Malawi Opposition Leader Tells Of Years In Prison Chakufwa Chihana Thanked The Local Chapter Of Amnesty International For His Release.

Posted: November 17, 1993

UPPER MERION — At the head of the dining-room table, with candlelight gleaming in his eyes, Chakufwa Chihana told of the leg and hand irons that were his constant companions for seven years as a political prisoner in his homeland of Malawi.

He spoke with great calm and composure as he leaned on the arm of his chair and ate grapes, telling stories of other Malawian prisoners who were gunned down in the street or thrown into a river of crocodiles for speaking out against the country's dictatorship.

"I expected that to happen to me, but I figured I might as well die for a good cause rather than live under a repressive regime," said Chihana, now considered the likely candidate of the opposition party in Malawi's first multiparty elections, scheduled for next spring.

At a gathering last night to celebrate Chihana's release this summer, about 30 members of the Philadelphia chapter of Amnesty International listened intently as Chihana described the political change underway in his Southeast African homeland.

He attributed his release to the work of Amnesty International members and others who pressured the Malawian government on his behalf. "I owe my life to all of you," he said. "You have made my life secure and given me a chance to see democracy in my country."

Chihana, who was freed in June after his second imprisonment, is the leader of the Alliance for Democracy, which won the right to have multiparty elections after 27 years of one-party rule under President Hastings Kamuzu Banda.

Chihana's leadership of the alliance, the main opposition group to Banda's rule, makes him the most likely opposition candidate.

For Phyllis Grady, a 10-year member of the local Amnesty International group, Chihana's appearance was a rare opportunity. "It's exciting," she said. "This is the first time I have met a prisoner I supported."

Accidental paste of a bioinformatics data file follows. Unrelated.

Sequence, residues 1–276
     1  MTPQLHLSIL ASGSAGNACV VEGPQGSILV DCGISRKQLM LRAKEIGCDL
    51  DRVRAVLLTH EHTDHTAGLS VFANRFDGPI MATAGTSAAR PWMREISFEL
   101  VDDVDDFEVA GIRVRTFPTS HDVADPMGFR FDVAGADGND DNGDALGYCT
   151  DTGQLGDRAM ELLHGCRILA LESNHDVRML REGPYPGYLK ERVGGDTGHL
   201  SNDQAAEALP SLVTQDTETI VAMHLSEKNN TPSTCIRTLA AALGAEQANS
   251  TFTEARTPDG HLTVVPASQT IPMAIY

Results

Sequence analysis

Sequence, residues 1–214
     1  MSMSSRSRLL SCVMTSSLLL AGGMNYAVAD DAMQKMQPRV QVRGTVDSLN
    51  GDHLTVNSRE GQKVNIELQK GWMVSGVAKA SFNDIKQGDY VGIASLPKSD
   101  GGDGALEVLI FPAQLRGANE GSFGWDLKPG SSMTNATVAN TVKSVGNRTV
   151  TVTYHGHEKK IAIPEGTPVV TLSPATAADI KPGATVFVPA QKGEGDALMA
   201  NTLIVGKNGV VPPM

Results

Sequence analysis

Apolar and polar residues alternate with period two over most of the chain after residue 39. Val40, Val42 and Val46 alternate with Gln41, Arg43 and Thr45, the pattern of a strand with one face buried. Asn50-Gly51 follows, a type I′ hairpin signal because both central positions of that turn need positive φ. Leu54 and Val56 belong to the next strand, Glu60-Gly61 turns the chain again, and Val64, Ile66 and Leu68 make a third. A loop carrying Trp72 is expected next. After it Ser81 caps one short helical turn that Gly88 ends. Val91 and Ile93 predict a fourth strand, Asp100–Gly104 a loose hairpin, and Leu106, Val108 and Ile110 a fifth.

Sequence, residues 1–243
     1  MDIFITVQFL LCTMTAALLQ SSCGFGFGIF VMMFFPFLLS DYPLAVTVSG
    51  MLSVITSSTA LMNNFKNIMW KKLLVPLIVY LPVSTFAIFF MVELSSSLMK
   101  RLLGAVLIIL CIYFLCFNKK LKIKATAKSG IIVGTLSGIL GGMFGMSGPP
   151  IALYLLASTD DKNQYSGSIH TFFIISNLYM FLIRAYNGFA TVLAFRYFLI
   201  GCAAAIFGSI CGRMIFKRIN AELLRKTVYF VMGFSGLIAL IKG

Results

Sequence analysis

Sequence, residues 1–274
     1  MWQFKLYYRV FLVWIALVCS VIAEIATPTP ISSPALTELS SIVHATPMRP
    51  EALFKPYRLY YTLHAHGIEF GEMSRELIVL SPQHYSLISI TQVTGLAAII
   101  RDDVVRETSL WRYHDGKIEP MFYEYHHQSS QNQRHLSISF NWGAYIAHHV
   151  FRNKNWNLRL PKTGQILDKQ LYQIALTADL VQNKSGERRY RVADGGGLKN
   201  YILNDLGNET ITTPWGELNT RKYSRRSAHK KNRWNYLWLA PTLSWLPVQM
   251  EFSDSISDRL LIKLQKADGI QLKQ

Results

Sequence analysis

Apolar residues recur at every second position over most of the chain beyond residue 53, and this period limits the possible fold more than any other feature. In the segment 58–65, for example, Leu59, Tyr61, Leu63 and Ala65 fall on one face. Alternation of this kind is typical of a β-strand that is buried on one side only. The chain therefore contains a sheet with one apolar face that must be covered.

Marilyn Cartwright recalled a Bulgarian prisoner the group adopted. It was a frustrating experience. "We wrote letter after letter and got no indication on how the person was doing."

Amnesty International members "adopt" prisoners throughout the world and try to gain their release through pressure. Using a dossier on each prisoner adopted, members write letters and send telegrams to heads of state calling for the prisoner's release.

They rely on an underground network set up by Amnesty International to supply the details of the prisoner's health conditions and any developments regarding their imprisonment.

Members of the Philadelphia group said they started on Chihana's case in April 1992, joining the Washington chapter in working for his freedom.

Chihana's first jail term was for seven years, beginning in 1977. Five of those years were in solitary confinement. He was sentenced to a two-year term after his arrest in December 1992.

Chihana accused Banda, the president, of killing political opponents, looting the national treasury and running Malawi as a personal fiefdom for 27 years.

With democratic elections scheduled for 1994, he said, "democracy is irreversible now in Malawi. We are going to have a new Malawi, and no one can stop the change."

"What makes meeting Chihana special is knowing that we fought for his freedom and now he may go back to lead the country as its new president," said Amnesty member Scott Landvatter.

Chihana's freedom had been sought by members of Amnesty International as well as the Robert F. Kennedy Association.

Amnesty International staff and members said his release was a testimony to the power people have when they lobby governments for the cause of human rights.

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